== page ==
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Old 07-28-2004, 05:46 PM   #1
Ankheg
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Location: Woodland Hills, CA
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Question 2 quick questions: ProFTPd and OpenSSHd


First the OpenSSHd question:

By default the all users are allowed to login. If I add the line to my sshd_config file:
Code:
AllowUsers foo
Would foo be the only one able to login? Or would I need to put something like:
Code:
DenyUsers *
AllowUsers foo
There is a little bit of ambiguity on how these work with each other in the documentation I've read.


And now the ProFTPd question:

The problem to me simply seems to be similar to that of the sshd question; a lack of documentation/example of the AllowUser/DenyUser type commands. Especially something about if they can do something similar to a OpenSSHd configuration of AllowUsers where it accepts a host as well as a user name.

Now, after a short rambling...here is the exact issue.

I need to create a user account that can login from the internal network, but cannot be logged into from the outside world. What would be the proper method to do this given I'm running ProFTPd on Mandrake?

Thanks in advance!
 
Old 07-28-2004, 07:02 PM   #2
jhumeston
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If mandrake uses PAM, I would suggest using the "Pluggable Authentication Module" to filter who and who cannot use services. PAM is a huge beast so take your time and do it right.
 
Old 07-28-2004, 07:12 PM   #3
Ankheg
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Will definitely look into that. Thanks for the tip.

If anyone has answers to the previous though, that would still be welcomed... I'm still curious.
 
Old 07-28-2004, 09:24 PM   #4
Ankheg
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The more I look at it, the more I think that PAM was an excellent direction to send me in. It's something I knew of, and knew existed on our system, but I've never tinkered with it at all really (never really had a need). Just wanted to say thanks again.
 
Old 07-29-2004, 03:52 AM   #5
chort
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Well, PAM is a two-edged sword. If you need the flexibility, then it's good. If you're not using the features, than you should disable it, because it can allow for vulnerabilities in lots of network daemons if PAM hasn't been updated with security patches, or if the daemons have bad handling of PAM authentication. There have been quite a few application vulnerabilities that only applied if PAM auth was enabled.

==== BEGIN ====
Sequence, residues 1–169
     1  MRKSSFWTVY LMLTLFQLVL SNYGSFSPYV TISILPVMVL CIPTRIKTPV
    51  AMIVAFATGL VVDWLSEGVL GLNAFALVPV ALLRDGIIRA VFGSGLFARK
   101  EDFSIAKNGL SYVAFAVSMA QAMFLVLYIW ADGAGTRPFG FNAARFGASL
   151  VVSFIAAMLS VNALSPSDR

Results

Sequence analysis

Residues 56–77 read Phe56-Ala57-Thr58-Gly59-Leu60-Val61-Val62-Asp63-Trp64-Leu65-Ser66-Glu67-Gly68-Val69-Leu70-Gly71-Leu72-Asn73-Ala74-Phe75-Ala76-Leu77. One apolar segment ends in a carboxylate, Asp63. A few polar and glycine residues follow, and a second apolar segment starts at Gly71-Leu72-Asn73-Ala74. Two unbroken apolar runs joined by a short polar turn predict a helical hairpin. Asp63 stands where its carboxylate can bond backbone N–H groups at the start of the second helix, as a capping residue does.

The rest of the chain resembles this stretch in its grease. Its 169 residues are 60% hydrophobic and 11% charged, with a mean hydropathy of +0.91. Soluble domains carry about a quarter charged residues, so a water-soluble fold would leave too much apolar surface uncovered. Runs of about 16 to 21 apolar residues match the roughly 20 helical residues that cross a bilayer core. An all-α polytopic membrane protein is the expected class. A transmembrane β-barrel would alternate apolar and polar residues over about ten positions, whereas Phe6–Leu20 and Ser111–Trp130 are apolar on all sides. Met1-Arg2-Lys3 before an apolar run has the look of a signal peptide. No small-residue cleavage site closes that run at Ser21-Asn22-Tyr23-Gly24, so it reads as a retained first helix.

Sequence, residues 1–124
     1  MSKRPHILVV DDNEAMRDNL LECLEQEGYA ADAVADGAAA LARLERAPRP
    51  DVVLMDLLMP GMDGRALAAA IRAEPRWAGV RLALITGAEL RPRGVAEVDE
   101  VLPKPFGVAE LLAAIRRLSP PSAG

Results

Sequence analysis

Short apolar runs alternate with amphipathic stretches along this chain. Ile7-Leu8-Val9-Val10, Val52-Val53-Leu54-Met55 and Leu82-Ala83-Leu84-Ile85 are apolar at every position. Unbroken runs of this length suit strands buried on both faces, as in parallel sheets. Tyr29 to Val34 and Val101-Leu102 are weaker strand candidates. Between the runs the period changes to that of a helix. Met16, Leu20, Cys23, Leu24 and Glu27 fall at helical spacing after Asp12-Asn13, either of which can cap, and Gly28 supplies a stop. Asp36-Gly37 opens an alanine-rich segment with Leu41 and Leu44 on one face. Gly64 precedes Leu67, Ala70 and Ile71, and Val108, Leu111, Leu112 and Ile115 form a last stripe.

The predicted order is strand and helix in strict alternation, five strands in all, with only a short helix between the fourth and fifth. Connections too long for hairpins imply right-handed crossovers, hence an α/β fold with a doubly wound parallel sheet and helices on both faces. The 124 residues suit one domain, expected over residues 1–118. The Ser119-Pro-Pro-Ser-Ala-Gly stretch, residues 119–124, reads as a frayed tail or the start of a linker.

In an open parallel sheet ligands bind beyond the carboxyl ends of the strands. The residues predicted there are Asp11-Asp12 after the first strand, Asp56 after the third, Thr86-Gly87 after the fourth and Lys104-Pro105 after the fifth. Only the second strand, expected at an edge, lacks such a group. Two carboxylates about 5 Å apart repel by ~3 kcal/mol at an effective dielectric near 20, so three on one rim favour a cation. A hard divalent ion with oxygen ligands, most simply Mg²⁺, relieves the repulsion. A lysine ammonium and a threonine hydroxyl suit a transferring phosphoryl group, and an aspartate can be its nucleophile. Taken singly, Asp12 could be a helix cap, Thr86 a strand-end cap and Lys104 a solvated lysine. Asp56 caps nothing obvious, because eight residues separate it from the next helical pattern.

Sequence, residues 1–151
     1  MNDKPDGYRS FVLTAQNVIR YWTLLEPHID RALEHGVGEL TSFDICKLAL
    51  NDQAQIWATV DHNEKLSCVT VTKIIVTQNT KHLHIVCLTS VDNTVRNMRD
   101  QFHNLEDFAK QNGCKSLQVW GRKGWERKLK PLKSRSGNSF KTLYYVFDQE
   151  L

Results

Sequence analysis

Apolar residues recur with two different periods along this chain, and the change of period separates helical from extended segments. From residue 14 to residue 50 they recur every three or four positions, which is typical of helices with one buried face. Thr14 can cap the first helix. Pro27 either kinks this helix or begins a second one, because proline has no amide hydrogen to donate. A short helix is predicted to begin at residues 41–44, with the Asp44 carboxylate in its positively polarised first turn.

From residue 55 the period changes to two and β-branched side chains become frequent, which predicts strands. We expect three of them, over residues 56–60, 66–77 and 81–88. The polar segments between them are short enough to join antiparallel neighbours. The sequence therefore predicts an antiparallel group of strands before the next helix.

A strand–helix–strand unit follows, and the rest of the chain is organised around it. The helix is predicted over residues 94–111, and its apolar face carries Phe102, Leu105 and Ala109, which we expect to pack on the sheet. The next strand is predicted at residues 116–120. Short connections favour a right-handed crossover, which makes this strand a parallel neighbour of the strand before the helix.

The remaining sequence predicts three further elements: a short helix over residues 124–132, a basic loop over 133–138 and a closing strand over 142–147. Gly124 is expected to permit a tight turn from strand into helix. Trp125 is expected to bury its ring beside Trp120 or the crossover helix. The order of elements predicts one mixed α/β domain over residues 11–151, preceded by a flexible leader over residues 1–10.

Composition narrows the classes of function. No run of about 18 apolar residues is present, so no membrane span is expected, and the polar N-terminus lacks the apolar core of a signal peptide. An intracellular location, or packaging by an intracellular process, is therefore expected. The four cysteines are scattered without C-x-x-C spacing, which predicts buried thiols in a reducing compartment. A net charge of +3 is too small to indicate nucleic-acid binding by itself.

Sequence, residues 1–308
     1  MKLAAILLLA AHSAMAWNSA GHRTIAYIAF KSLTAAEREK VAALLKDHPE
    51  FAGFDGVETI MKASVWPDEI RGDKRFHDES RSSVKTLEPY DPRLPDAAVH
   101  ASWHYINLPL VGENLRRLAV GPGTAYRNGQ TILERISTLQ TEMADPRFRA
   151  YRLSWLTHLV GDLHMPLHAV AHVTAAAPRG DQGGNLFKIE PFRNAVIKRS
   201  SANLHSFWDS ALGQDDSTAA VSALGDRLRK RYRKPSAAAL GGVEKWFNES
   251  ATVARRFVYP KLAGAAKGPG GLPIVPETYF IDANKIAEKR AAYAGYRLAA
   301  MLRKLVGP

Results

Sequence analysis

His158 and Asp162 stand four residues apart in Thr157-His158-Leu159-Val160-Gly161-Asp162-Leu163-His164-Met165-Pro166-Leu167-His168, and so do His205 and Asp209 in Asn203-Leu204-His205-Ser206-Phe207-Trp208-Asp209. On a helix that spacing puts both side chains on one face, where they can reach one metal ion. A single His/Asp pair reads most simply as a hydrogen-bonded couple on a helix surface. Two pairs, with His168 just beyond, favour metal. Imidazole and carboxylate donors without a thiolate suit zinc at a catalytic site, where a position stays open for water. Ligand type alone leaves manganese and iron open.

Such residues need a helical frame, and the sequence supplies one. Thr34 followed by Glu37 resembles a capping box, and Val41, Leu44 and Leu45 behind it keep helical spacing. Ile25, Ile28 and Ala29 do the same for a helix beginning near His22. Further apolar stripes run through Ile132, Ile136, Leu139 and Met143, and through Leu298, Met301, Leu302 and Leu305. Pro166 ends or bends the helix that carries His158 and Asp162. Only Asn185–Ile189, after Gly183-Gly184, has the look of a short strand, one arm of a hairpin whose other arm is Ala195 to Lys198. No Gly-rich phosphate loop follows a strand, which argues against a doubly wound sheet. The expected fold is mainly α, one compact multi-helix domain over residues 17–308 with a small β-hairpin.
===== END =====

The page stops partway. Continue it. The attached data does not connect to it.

Old 07-29-2004, 07:46 PM   #6
Ankheg
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For anyone else who was curious... The biggest issue I had with the documentation is that I didn't see all of the documentation at once, and because at times, I can be thick skulled, I didn't put 2 and 2 together for a while.

The ProFTPd config addition needed for this is as follows:

Code:
<Limit LOGIN>
  Order allow,deny
  Allow from 192.168.
  AllowGroup ftpusers
  Deny from all
</Limit>
What this does:
Makes sure the allow-ables are allowed in before it checks who to turn away
Allows everyone from the local network to login
Allows all users that belong to the ftpusers group to login (for all accounts that need to be accessible from outside)
Denys everyone else

This seems to have achieved the desired effect without the PAM module I was planning on writing (chort's warning made me step back, and getting lazy really prevented it). But if anyone has any suggestions or sees any flaws, do enlighten me.

I've solved the SSH problem I had in a different manner, but I'm still probably going to toy with it to get this same sort of effect with OpenSSHd, and will post those findings as well unless someone beats me to it. I've answered some of my own questions, but I still haven't achieved the desired results. The things I have found out are using DenyUsers * with AllowUsers is pointless, as AllowUsers makes it so only the users in the list that can get in...so the DenyUsers only helps to booger things up. And the other thing is simply that AllowUsers using the USER@HOST method doesn't work exactly as I expect it to.
 
Old 08-06-2004, 02:34 PM   #7
Ankheg
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The sshd_config equivalant to the ftpd configuration is this:
Code:
AllowUsers *@192.168.* alloweduser1 alloweduser2
alloweduser1 and alloweduser2 are the user accounts that need to be allowed access from anywhere.

This will result in any account being able to be ssh'ed into from the local net, but restrict access from outside to only the users in the list (separated by spaces).

Special Note!:
It seems the reason I was having trouble before was due to an out of date version of OpenSSH! AllowUsers doesn't act the same with sshd_config,v 1.59! The config line above was tested with sshd_config,v 1.69 (OpenSSH 3.8 was the actual OpenSSH version tested with, the latest as of this posting, I believe).
 
  


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